Wednesday, August 12, 2009

Pissed off at Phonak.

My last set of hearing aids were from Phonak. I will say that when they worked, they worked great. The problem is, I had one that frequently didn't work, and like all things that fail intermittently, it was nearly impossible to figure out why it wasn't working correctly. After a few times sending it back for 1-2 weeks at a time, I got pissed off and told my Audiologist to simply have them replace it, or deal with my wrath.

Fast forward to today. My new Rexton aids work wonderfully and I am happy. Except...

My son has Phonaks (Sigh). We got his first pair when he was around 3 months old, and they were new loaners from CHOP--Phonak Una models. Very big, and very sturdy. He finally got his state-insurance-funded aids a few months ago and they are technically better than the Una, but far smaller and seemingly designed more for an adult. The aids themselves are tiny (making them impossible to find every 10 minutes when he chucks them somewhere) and the earhooks are held on only by friction, unlike the Una screw-on earhook. So his favorite pastime is pulling them out of his ears, pulling the earhook off, and chucking those two things in different directions, and/or trying to eat them. This is all not to mention they've stopped working like 3-4 times in a few months.

Phonak has refused to exchange these for a model more suitable to a 12 month-old infant. And although we didn't choose the model (presumably the state did) this is now somehow our problem.

Shame on you Phonak.

Sunday, May 31, 2009

Universal Signs - good movie

I saw this movie yesterday at the Keswick in Philadelphia and was very impressed. I went to the 1pm show and there was a pretty good turnout, although I'm sure lots more went to the 7pm show. The movie had a good plot, nice directing, and a few good laughs. It was great to see such a varied audience, too. Lots of Deaf, HoH, and Hearing all enjoying the film. It was great to be around so many signers. The writer/director and main actors were all there, also.

Definitely buy the DVD when it comes out in September!

Saturday, May 2, 2009

Rexton Cobalt - Retuned, WOW

I went in today for a followup tuning of my new hearing aids. My main issues that I needed addressed:

1) There was heavy distortion on the main programs in loud environments, making speech very difficult to interpret
2) Certain types of loud sounds were overwhelming me in my normal programs
3) We forgot to add the programs for Bluetooth phone and Direct audio connections during the first fitting

We took out most of the compression in the main program, removing all traces of distortion, but that still left the overwhelming sounds. We walked through various frequencies over the speakers and found that I had a huge peak at about 1000Hz, right in the middle of the speech range, so we knocked the gain down at that frequency and everything was PERFECT. My main program is really great now.

Took a couple times to get the Bluetooth and Direct audio programs to sound right, and I think I will still need one more visit to get these a little better, but overall they sound pretty good. Hooked my iPod to my bluetooth unit and even though music sounds a little on the tinny side, everything is very clear, which makes me happy. For those of you that don't know, listening to music from speakers or televisions normally sounds bad with hearing aids. There is something about electronic sources going through another electronic circuit (the hearing aid) that kills quality. So the direct audio program bypasses the microphones and passes music directly from a TV or iPod to your hearing aid speakers--WONDERFUL!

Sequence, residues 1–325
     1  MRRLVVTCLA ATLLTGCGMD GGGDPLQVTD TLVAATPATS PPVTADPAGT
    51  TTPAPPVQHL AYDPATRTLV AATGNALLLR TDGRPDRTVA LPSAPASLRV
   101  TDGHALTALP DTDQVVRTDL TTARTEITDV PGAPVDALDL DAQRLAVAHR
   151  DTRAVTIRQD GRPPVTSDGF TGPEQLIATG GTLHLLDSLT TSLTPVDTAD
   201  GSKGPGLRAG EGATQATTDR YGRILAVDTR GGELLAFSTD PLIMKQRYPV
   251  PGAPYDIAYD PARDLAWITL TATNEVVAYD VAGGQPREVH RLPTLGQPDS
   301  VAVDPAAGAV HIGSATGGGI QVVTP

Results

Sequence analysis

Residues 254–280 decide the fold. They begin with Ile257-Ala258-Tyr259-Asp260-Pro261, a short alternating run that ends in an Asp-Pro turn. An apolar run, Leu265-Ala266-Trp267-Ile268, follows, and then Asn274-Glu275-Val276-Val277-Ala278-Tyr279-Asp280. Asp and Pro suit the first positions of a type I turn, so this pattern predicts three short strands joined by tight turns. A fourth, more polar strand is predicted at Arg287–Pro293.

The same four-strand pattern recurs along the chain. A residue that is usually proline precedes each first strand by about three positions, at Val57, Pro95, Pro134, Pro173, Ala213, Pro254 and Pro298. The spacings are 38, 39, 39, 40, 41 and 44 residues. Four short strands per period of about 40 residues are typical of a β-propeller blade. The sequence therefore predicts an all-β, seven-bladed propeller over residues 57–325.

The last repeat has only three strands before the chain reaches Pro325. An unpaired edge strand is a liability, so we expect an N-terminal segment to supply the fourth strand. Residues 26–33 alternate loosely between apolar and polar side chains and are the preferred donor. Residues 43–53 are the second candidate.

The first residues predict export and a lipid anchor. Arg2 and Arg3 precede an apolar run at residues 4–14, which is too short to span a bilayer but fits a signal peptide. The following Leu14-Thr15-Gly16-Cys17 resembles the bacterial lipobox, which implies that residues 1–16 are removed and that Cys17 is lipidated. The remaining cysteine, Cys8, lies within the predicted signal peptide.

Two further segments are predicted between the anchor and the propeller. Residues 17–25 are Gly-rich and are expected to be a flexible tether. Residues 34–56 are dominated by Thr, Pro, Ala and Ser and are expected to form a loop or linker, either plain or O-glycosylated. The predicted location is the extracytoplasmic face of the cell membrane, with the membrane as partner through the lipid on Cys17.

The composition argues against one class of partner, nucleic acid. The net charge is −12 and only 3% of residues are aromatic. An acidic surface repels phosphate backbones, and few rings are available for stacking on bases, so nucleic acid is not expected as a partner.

Overall, I am pretty happy now. I will probably go back in for another retune in a couple months and see if we can get music to sound a little more natural.

Saturday, April 25, 2009

Followup Opinion - Rexton Cobalts

So I've worn my new hearing aids a few full days now. They are nice, but they definitely need a re-tuning badly. I am going back in a week from today.

Biggest complaints so far:
-Music sounds like total crap while I'm driving. Maybe it's all the compression, but it just sounds like it runs through a tiny AM radio first and then through my speakers. The "Music" program makes things sound better, but road noise is unbearable. I didn't really have this problem with my old ears, but then my gain wasn't as high.
-Voices also tend to sound really distorted in loud environments--again I think this is the huge amount of compression we put on. I want clear sound in all environments, but I want my aids to supress sounds that are too loud.
-The remote is very nice, if not a tad heavy. Funny, people wants phones heavy like the iphone because that makes them feel "substantial". This remote definitely doesn't fall into that category--I want it LIGHT.
-Of course, we need to configure bluetooth and direct audio still.

High points:
-These things are tiny. My right ear canal is having a little soreness, but then this happened with every new set of aids I have ever had. I think my canals just need to acclimate.
-The compression does a far job at supressing loud, sharp sounds like something falling on the floor (or me coughing, hah)

I can't wait to get them retuned. I have high hopes for them, and they seem to be up to the challenge.

Sunday, April 19, 2009

Pictures of my Rexton Cobalts

I ordered my new Rexton hearing aids in silver and also ordered a an optional kit to convert them to blue. I wanted half and half, so I exchanged a couple of the silver parts out with blue parts. Here is what they look like now (dime shows just how tiny these things are):

Saturday, April 18, 2009

New hearing aids - Rexton Cobalt 16

I picked up my new hearing aids today and thought I would post my initial thoughts. First, let's take a little journey back in time to understand some of my history.

I got my first set of ears 10 years ago. They were the Senso+ model in the CIC (completely-in-the-canal) size, made by Widex. They were almost invisible and functioned fairly well, but after four years they were no longer powerful enough to keep up with my progressive loss, so I got a new set.

The new set were Phonak Claro ITE (in-the-ear) models, and were far more technologically advanced, and also far larger and more noticeable. I was able to control the volume and choose programs using my Phonak wristwatch. I have worn these for about five years now, but again my hearing loss has outgrown the volume possible with these models.